What is an accretion disk and how does one form?
How does matter form an accretion disk around stars and black holes?
Accretion disks are found surrounding a variety of celestial bodies, from relatively small regions of a few thousand kilometres around white dwarfs and neutron stars, to protoplanetary disks around very young stars.
The biggest accretion disks, on the scale of the Solar System, are found surrounding the centres of active galaxies.
The fact that accretion disks exist over a huge range of scales and in apparently very different types of systems suggests some common physics behind their formation.
Because angular momentum is always conserved, small rotations in any in-falling material are amplified as it collapses inwards towards the star or black hole.
This is something like the motion of spinning ice skaters, who speed up as they bring their arms inwards.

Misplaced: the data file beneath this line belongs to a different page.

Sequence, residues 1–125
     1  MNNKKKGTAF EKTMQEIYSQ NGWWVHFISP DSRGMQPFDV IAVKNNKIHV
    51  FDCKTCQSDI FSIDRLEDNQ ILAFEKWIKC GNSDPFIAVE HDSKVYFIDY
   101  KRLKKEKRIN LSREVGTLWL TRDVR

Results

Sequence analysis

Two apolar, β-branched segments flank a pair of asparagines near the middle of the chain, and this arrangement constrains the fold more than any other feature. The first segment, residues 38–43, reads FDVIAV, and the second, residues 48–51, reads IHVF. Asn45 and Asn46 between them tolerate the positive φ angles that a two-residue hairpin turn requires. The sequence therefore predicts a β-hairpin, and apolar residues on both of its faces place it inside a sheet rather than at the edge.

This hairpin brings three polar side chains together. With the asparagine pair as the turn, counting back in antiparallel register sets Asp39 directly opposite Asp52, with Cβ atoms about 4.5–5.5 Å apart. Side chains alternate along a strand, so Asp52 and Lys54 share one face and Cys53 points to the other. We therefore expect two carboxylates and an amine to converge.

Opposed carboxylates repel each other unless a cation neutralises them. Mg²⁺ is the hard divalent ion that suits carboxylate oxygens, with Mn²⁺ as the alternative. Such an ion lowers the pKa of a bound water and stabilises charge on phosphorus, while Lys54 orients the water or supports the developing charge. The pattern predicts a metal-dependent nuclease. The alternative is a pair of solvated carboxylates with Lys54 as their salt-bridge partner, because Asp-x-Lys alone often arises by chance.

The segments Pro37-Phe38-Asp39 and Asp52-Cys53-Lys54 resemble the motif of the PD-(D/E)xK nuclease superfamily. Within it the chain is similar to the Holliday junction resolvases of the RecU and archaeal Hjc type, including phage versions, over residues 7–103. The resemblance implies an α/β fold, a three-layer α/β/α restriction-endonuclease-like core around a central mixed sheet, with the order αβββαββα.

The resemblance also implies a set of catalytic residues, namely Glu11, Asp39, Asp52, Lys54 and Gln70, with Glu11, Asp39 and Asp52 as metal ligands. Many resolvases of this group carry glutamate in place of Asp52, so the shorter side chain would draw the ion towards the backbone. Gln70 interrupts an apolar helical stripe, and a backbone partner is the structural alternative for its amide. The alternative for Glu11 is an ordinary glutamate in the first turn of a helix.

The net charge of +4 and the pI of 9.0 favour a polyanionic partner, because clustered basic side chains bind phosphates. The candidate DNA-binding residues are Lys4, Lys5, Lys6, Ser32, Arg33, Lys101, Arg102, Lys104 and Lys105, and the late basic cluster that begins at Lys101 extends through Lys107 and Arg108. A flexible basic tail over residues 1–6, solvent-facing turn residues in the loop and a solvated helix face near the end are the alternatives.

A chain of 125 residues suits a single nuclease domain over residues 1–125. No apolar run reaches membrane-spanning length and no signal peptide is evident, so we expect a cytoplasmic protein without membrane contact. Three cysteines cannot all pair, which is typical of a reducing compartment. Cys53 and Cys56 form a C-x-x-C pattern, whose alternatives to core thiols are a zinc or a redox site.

A ‘centripetal force’ – an inward-directed force on an orbiting body – then spreads the material out (sideways) to create the broad disk structure, while tidal forces pull it into an equatorial location.
The combination of these two forces makes the shape of the disk wide, flat and thin.
Within the accretion disk, colliding particles convert kinetic energy (the energy of motion) into heat and move inwards.
As these particles move towards the central source, collisions occur more frequently due to the increased density of particles. As a result, they heat up and release X-rays.
This radiation is an important tool for astronomers, as black holes can’t be observed directly – not even light can escape the strength of their gravitiational pull.
The X-rays released from accretion disks can be observed and used to locate black holes.